14. STS-26 Mission Control Center (MCC) activity at JSC

    NASA Technical Reports Server (NTRS)

    1988-01-01

    Flight controllers in JSC's Mission Control Center (MCC) Bldg 30 flight control room (FCR) listen to a presentation by STS-26 crewmembers on the fourth day of Discovery's, Orbiter Vehicle (OV) 103's, orbital mission. Instrumentation and Communications Officers (INCOs) Harold Black (left foreground) and John F. Muratore and other controllers view a television (TV) transmission of the crew on a screen in front of the FCR as each member relates some inner feelings while paying tribute to the 51L Challenger crew.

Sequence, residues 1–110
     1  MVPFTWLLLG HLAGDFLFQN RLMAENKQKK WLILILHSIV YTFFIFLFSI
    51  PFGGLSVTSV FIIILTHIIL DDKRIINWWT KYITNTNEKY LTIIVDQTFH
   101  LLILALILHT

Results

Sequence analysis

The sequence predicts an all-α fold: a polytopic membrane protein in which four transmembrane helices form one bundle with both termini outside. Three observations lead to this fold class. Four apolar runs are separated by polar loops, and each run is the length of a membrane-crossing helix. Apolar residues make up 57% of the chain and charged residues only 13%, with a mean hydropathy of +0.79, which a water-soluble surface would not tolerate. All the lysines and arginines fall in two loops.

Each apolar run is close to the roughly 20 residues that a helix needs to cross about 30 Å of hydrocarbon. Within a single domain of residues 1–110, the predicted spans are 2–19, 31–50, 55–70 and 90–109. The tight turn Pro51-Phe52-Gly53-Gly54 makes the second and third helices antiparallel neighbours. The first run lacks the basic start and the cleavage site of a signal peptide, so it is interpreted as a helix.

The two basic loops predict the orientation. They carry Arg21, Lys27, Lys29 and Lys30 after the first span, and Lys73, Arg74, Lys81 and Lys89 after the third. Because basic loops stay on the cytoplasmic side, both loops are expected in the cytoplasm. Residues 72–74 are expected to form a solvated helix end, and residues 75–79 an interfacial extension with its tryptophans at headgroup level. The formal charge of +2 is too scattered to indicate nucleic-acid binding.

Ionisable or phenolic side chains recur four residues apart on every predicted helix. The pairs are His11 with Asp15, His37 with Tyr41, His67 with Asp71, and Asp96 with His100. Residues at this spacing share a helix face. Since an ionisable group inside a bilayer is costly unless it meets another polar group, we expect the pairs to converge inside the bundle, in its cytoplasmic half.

15. Passive and active pulse stacking scheme for pulse shaping

    DOEpatents

    Harney, Robert C.; Schipper, John F.

    1977-01-01

    Apparatus and method for producing a sequence of radiation pulses with a pulse envelope of time variation which is controllable by an external electromagnetic signal applied to an active medium or by a sectored reflector, through which the radiation passes.

  16. Advances in Distributed Operations and Mission Activity Planning for Mars Surface Exploration

    NASA Technical Reports Server (NTRS)

    Fox, Jason M.; Norris, Jeffrey S.; Powell, Mark W.; Rabe, Kenneth J.; Shams, Khawaja

    2006-01-01